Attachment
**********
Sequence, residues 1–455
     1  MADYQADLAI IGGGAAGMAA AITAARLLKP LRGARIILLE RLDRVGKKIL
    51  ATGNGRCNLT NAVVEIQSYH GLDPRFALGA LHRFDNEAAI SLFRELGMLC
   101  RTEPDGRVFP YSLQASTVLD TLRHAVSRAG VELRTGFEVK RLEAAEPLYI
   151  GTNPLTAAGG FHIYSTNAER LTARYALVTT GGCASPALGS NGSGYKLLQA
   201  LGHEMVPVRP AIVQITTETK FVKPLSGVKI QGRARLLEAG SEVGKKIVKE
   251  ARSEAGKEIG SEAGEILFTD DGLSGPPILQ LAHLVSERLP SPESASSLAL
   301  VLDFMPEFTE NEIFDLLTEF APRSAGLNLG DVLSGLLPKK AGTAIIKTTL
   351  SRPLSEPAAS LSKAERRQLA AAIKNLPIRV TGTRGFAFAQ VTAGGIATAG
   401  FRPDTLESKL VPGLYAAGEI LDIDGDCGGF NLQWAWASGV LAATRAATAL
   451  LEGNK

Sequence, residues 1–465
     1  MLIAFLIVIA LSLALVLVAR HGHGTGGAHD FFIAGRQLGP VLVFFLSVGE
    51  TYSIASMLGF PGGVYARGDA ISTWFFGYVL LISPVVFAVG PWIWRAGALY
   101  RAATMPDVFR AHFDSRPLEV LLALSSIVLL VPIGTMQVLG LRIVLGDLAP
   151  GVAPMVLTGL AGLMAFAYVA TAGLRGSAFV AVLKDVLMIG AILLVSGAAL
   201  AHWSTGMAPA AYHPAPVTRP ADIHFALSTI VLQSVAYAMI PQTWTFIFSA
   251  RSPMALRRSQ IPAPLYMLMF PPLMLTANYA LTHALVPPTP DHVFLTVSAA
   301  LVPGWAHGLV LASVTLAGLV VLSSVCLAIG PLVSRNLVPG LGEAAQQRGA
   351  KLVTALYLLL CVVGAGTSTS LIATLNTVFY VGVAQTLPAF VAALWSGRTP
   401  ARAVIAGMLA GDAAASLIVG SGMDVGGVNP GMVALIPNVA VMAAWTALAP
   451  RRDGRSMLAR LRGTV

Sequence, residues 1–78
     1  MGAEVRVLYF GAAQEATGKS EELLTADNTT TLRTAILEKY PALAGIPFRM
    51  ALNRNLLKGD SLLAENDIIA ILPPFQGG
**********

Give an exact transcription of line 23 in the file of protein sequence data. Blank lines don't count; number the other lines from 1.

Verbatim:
Sequence, residues 1–78